Indigenous Peoples’ Day: The Forgotten Voice of a People

“Columbus sailed the ocean blue in …”

If you said 1492, chances are you learned the story of Christopher Columbus, painted in a heroic tone. Every year, on the second Monday in October, many celebrate the discovery of America by the colonial-era explorer as a federal holiday. Many others, however, will remember the horrendous atrocities and exploitation of indigenous groups during the Columbian Exchange.

Columbus’ checkered past has surfaced more in recent years, but his disruptive legacy has not been forgotten by the various descendent indigenous groups almost five centuries later. In fact, at least four states have chosen to not observe Columbus Day entirely, with many other cities adopting an indigenous people remembrance day instead. Even in contemporary America, Native communities continue to face nouveau threats, including the repercussions of nuclear testing, mining, and fallout which present harmful consequences to indigenous lands.

Last year the UN issued a report on how indigenous communities are disproportionately affected by nuclear technology. These findings show us a disregard and erasure of indigenous people. The testing is done away from any people, do indigenous people not count?

Cynically, one could say it is not surprising then that across America on the second Monday in October, many celebrate a man responsible for the genocide of thousands of Native peoples, Christopher Columbus.

Why is it important to flip the narrative of Columbus Day to celebrate Indigenous People’s Day?

Indigenous Peoples’ Day seeks to elevate the equality and observation for all indigenous groups world-wide. In the United States, Native Americans are the nation’s original inhabitants and remain the oldest marginalized segment of American society.

  1. Ethnocentricity, focusing on the colonizer’s story such as the case with Columbus Day, creates a single narrative, meanwhile ignoring the struggle faced by marginalized communities. In order to repair the cultural washing of America’s Native American population, it is important to recognize the role each plays in how we talk about indigenous communities in the future.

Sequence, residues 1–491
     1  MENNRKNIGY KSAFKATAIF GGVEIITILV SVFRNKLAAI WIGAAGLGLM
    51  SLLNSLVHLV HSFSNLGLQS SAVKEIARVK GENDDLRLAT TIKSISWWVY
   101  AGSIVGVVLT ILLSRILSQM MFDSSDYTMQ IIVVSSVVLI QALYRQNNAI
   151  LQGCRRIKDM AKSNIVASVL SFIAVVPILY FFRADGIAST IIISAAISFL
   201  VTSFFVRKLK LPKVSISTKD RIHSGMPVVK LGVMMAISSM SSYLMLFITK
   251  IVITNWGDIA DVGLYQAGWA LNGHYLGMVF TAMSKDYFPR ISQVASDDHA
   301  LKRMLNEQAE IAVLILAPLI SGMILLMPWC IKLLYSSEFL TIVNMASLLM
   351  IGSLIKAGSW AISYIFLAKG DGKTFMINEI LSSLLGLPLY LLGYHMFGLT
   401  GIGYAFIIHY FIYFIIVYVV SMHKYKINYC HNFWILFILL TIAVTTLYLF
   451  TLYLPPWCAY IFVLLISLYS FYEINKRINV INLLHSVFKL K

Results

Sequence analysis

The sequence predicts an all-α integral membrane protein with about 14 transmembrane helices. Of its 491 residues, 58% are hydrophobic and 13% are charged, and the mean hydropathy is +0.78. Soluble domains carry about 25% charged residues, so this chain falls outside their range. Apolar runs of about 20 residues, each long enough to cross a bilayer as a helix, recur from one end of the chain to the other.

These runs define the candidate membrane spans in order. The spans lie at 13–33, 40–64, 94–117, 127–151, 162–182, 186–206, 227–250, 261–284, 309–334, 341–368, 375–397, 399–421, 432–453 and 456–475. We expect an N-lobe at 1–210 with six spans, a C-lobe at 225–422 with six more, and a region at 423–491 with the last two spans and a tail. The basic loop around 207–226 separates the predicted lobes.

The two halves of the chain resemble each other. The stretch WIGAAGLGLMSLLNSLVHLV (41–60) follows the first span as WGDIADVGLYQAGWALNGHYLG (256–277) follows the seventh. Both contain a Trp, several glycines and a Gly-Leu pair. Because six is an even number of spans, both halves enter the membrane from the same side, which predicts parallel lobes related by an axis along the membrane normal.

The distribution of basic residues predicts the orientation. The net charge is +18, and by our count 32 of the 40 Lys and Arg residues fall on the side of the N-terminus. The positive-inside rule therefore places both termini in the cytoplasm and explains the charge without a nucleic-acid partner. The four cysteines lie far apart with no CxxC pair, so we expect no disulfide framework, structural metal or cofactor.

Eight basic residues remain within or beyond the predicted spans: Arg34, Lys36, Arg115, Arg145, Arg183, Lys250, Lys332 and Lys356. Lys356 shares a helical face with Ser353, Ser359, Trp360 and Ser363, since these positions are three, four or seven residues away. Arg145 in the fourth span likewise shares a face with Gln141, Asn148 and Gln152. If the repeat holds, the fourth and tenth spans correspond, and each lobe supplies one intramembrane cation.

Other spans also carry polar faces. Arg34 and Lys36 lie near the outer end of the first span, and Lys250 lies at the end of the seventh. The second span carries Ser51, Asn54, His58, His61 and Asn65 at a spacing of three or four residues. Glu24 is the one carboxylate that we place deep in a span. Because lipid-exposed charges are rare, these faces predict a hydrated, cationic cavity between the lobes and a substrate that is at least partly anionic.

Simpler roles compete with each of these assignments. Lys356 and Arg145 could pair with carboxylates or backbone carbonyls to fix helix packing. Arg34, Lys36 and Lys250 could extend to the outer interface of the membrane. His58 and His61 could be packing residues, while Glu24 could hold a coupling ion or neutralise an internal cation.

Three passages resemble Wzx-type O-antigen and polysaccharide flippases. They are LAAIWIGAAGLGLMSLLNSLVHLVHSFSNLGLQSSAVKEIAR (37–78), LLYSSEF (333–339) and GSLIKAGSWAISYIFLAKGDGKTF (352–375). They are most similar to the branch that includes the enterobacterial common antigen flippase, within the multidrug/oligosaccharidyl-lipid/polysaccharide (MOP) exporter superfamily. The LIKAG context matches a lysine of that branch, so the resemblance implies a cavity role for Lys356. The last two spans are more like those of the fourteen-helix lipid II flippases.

2. Privilege, when used for anything less than allyship, further perpetuates the oppression of indigenous groups. It is important to self-identify privilege and utilize it in a way that advances progress and equality for all people. By using our privilege to celebrate indigenous people rather than Columbus, we can help educate our networks about the legacy of the indigenous people, lifting up a narrative that has too long been silenced.
  3. The history of attacks on indigenous communities is an attack on all of us.  All of us are affected by the legacy of violence that America was built on and which continues to commemorate Columbus’ honor. To this day, indigenous groups are at the receiving end of various attacks on land, environment, and human rights as was evident at Standing Rock in 2016. We must work instead to bring about peace and stability to our communities and demand progress when injustice blooms. This begins with not celebrating the colonizer, but lifting up and remembering his victims.

Instead of celebrating Columbus, we ask you to celebrate the people who came before him, the indigenous people all over the world. And after Monday? Let’s continue celebrating the lives of indigenous people by ending the nuclear weapons and nuclear testing that is destroying their land and endangering their lives.